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January 2024

Evidence on reducing burnout among frontline workers: a literature review

Evidence on reducing burnout among frontline workers: a literature review

About the report

The overwhelming majority of services to support people experiencing homelessness depend on frontline workers for their delivery. In a battle for evidence based interventions to tackle homelessness, and ensuring that it is rare, brief, and non-recurring, it is essential that frontline workers are able to deliver these interventions – something which is hampered by low wellbeing and high burnout among these workers. 

This review forms part of an ongoing research project conducted by the What Works Centre for Wellbeing (WWCW), in partnership with the Centre for Homelessness Impact (CHI), which looks at what the evidence says about how to bolster frontline worker wellbeing, with a particular focus on workers in the homelessness sector. This project is being funded by St Martin-in-the-Fields, a leading homelessness charity. 1 What Works Centre for Wellbeing (2023, September). What works to reduce burnout in frontline workers?.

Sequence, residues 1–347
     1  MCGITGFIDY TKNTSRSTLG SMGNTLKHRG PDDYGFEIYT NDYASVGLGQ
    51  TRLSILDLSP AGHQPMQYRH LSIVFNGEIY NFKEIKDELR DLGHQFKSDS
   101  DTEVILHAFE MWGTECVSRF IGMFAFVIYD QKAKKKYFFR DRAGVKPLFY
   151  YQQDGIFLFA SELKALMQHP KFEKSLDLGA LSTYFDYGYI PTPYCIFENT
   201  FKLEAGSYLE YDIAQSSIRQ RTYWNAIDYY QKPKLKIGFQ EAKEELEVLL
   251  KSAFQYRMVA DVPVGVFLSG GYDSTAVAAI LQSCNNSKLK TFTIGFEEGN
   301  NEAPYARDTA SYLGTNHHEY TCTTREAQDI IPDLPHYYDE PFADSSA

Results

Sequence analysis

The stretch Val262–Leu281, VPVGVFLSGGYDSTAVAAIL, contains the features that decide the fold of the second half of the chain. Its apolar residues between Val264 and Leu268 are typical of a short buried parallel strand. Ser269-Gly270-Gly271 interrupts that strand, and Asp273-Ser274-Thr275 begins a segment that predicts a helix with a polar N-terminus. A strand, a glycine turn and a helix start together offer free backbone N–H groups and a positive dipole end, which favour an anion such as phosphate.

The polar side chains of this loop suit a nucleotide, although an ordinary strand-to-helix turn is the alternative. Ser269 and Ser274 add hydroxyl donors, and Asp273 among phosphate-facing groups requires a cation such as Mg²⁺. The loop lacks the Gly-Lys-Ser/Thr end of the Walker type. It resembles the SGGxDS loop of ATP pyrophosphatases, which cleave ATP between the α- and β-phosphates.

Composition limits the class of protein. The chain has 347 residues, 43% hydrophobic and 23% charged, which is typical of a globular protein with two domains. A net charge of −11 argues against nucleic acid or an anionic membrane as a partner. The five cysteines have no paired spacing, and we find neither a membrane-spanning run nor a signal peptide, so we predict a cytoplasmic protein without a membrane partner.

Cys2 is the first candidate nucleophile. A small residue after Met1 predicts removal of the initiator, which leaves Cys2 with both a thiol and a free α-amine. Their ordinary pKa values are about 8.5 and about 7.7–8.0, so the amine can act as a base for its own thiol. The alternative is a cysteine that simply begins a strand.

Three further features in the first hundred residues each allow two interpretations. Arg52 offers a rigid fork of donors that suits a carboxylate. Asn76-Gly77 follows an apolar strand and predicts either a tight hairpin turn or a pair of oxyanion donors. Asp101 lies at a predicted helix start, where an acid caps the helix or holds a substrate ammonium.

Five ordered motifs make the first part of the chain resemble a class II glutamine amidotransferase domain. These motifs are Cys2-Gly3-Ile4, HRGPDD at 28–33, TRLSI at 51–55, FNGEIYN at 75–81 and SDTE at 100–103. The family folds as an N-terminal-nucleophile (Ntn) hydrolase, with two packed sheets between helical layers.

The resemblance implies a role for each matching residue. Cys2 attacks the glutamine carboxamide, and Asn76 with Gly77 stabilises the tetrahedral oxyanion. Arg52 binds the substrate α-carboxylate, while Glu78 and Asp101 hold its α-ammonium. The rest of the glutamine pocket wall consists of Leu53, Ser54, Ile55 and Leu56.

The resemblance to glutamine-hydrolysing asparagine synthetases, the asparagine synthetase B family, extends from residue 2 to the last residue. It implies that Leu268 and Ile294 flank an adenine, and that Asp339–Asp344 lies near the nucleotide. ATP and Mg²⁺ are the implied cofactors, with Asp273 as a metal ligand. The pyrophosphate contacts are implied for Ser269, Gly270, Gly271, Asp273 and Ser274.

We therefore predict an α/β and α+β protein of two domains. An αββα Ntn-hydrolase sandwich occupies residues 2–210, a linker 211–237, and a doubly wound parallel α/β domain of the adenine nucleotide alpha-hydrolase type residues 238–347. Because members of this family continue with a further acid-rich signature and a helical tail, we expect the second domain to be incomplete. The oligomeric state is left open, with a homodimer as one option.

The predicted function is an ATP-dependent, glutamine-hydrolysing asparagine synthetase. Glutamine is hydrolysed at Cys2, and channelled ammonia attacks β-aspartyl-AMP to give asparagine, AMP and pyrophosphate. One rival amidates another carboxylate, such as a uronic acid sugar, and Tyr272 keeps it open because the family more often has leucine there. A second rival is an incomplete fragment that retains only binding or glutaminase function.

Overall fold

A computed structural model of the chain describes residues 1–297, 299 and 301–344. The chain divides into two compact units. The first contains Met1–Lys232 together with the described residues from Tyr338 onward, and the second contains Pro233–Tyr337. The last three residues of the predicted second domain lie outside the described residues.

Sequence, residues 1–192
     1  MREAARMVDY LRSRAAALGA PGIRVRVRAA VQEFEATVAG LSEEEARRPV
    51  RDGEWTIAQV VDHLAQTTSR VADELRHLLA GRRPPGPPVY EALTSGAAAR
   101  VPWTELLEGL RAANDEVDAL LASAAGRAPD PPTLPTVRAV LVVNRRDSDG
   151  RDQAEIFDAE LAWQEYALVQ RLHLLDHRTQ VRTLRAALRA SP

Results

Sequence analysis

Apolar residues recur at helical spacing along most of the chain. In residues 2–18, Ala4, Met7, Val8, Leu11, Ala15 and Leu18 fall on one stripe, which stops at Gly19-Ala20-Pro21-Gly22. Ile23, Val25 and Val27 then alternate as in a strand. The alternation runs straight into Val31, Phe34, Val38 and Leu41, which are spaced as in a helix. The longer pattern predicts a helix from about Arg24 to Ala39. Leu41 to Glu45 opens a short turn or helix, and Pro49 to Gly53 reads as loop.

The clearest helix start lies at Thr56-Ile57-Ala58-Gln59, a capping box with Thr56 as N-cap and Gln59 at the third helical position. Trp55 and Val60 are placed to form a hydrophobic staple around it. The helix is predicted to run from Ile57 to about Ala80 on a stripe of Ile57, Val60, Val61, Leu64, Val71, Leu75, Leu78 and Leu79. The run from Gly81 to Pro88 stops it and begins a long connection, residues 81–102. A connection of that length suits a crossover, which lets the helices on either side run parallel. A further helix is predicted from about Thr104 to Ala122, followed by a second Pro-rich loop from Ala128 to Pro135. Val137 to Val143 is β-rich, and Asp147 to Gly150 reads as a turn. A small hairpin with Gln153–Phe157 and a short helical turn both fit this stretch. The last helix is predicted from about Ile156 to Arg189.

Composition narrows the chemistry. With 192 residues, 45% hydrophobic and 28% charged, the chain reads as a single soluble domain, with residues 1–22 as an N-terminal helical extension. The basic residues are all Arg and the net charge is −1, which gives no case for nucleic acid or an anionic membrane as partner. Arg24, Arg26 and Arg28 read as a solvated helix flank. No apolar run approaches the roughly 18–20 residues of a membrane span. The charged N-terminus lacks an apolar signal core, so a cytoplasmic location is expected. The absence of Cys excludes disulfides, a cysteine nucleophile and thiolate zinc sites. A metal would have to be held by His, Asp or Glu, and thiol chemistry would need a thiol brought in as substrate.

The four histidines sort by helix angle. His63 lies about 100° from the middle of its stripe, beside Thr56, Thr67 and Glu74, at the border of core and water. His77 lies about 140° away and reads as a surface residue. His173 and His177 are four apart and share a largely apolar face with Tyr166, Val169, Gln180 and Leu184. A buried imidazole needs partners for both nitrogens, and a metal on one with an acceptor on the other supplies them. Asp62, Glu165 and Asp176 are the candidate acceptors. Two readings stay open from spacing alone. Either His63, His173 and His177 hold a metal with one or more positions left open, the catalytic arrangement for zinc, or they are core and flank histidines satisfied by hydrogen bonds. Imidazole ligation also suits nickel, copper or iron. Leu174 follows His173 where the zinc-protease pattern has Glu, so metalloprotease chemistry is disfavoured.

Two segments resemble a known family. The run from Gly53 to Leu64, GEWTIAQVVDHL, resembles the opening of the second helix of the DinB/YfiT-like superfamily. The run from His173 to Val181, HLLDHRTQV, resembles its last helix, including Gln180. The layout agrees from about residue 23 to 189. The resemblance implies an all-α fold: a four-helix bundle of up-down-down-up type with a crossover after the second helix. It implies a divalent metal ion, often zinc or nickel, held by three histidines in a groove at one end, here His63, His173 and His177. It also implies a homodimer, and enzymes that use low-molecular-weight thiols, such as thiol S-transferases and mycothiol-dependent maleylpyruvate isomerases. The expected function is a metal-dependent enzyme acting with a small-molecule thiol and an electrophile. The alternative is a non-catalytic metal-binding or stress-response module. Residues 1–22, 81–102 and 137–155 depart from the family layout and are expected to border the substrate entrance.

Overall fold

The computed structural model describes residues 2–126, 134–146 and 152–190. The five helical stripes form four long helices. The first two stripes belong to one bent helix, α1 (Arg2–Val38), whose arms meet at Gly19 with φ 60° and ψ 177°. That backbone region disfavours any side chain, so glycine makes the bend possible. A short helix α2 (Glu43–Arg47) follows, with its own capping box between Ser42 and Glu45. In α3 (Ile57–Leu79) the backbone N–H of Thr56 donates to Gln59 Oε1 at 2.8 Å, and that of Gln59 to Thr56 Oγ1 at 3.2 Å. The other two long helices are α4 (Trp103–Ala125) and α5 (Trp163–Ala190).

The ‘Frontline Worker Wellbeing Project’ has two main strands of work: 

  1. A literature review:
    – to consolidate the evidence on trials that can improve wellbeing and reduce burnout among frontline workers.
    – to identify promising light-touch, ‘nudge’-type interventions that can be implemented, given budget constraints, at low cost in the UK-context. 
  2. The design and implementation of a light-touch intervention aimed at reducing burnout among frontline staff working in the UK homelessness sector. 

This report presents findings from the literature review strand of the ‘Frontline Worker Wellbeing Project’, focusing on: 

  • Why workplace wellbeing matters for frontline workers. 
  • High-quality evidence from wellbeing interventions aimed at reducing burnout in frontline workers. 
  • Recommendations for future research and practice, including trial implementation in the UK homelessness sector. 
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